“I have two sons. Neither of them is living the life I would like them to lead. It is clear to me that when the time comes for me to depart from this world, they will not say Kaddish for me. So I thought about it, and came up with a solution: I’ll say Kaddish on myself, in advance…”

Such beauty, simplicity and purity! Do you understand? The man was saying Kaddish Yatom on himself.

But my grandfather did not like that idea, and said to him: “Instead of being involved in goodbyes and in Kaddish, in death and sadness, be involved with life. The underground community needs a mikveh very badly in order to maintain Jewish life here. Give everything you have – body, soul and money – in order to build a mikveh and that way you will be a partner to actions of life and light, hope and joy.”

And that is what the man did; he stopped saying Kaddish for himself and devoted himself to the setting up of a mikveh.

“One is supposed to listen to the candles and contemplate what they are telling us,” so said the Chabad Rebbes about Chanukah candles. We do not celebrate only the past, not only the victory of the Maccabim and the miracle of the small flask of oil that took place in the year 3596 – 165 B.C.E. The holiday of Chanukah has to be relevant, carrying a message and meaning for us in the year 5777 – 2016.

What, indeed, do the Chanukah candles tell us? If I would have to define Chanukah in one word, it would be “Life”. And if in a whole sentence, it would be that Chanukah is a holiday that reveals and emphasizes a light-emanating future that is hidden deep in the dark present. We must lift up our heads and search for life and for hope, happiness and light in every situation. My grandfather lived at a time and in a place in which shadows and darkness prevailed, and still, he managed to bring light, life, hope and happiness to a person who was already saying Kaddish about himself.


May we all enjoy a happy and light-emanating Chanukah!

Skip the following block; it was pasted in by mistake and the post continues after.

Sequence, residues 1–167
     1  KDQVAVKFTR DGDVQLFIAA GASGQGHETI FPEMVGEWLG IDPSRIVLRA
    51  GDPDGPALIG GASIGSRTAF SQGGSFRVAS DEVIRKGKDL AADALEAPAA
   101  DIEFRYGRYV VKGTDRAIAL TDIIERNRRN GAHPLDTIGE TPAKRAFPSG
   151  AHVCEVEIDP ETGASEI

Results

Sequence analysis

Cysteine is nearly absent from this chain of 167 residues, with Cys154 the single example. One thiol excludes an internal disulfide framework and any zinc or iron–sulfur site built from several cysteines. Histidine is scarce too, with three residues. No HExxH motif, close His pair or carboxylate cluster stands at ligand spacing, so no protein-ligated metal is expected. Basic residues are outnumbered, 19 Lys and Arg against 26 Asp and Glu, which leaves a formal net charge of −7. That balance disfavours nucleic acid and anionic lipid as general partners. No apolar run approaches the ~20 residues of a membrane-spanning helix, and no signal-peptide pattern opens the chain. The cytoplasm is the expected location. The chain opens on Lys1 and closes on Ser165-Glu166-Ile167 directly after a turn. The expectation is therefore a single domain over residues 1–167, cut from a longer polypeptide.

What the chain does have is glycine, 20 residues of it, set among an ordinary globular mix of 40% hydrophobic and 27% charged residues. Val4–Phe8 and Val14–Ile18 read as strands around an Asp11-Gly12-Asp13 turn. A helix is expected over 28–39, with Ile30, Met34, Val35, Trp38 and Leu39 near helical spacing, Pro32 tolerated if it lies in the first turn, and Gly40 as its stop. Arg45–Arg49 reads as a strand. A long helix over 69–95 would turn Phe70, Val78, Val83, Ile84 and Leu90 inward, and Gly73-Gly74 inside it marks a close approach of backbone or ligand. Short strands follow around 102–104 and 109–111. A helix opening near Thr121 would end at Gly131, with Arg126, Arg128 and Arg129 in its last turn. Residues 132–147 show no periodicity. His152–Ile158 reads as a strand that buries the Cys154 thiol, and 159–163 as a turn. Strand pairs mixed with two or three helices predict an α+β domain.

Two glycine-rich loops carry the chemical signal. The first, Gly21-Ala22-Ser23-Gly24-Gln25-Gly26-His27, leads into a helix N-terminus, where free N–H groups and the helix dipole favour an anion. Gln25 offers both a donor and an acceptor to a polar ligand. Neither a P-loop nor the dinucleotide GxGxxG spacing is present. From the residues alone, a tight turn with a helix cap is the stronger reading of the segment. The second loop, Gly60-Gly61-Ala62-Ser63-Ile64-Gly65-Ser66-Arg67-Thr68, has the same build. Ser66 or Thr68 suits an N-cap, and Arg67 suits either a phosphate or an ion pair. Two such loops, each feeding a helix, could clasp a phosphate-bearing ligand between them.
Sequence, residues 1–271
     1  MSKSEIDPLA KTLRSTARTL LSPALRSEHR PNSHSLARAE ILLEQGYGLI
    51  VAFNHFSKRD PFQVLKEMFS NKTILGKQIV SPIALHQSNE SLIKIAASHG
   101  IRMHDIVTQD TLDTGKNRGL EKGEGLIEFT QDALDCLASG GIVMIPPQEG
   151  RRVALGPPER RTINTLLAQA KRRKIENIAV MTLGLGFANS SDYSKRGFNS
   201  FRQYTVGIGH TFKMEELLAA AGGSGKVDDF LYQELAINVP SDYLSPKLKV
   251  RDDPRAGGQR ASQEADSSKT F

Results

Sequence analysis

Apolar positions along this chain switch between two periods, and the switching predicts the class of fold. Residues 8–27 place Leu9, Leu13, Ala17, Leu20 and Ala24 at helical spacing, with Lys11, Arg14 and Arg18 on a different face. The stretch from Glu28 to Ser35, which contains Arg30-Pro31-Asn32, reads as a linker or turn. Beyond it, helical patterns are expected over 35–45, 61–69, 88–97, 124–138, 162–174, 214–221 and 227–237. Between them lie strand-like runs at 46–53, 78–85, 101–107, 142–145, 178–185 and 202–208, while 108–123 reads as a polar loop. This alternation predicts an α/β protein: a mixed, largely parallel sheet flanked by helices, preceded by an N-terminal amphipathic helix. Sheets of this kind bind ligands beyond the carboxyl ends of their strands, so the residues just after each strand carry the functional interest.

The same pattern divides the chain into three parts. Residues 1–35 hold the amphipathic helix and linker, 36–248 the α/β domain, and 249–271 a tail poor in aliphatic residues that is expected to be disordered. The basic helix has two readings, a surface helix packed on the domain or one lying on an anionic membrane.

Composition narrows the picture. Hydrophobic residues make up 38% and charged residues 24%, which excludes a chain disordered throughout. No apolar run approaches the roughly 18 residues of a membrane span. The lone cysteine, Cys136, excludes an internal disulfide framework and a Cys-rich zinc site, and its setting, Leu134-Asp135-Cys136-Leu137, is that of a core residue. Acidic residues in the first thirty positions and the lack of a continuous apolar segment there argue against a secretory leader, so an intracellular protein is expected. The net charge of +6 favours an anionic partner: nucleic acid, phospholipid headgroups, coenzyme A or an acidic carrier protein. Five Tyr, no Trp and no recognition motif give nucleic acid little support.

Shabbat Shalom,

Rabbi Zalmen Wishedski

the influenced of the mainstream


Dear Friends,

Today I want to write about something very unpopular – something people really don’t want to hear about: the importance of good old authentic Jewish education.

But before that, here’s a quote from a letter I received recently:

“I thought the Jewish education I would give them would be enough. We thought that minimal Judaism, the kind we received, would be enough. But, to our great sorrow, we were wrong. Our sons have married out. Our grandchildren, whom we love dearly, are not Jews anymore. And that hurts. It hurts very much.”

I am sorry to say that this is not rare. I have received more than a few letters like that, and many people have told me similar stories.

On Shabbat Parashat Vayeshev, December 1950 (5711), about a month before the Rebbe became the head of the Chabad movement, a short time before he turned from an ordinary citizen to the Lubavitcher Rebbe, he gave a very unpopular speech in America of those days – about the importance of authentic Jewish education. As I mentioned already, this topic is unfortunately still very relevant, except that since 1950 we’ve seen many more painful proofs of how right he was. The Rebbe said thus: The argument between Lavan and Yaakov was not just another ordinary argument between son-in-law and father-in-law; it was the presentation of two significantly different world views.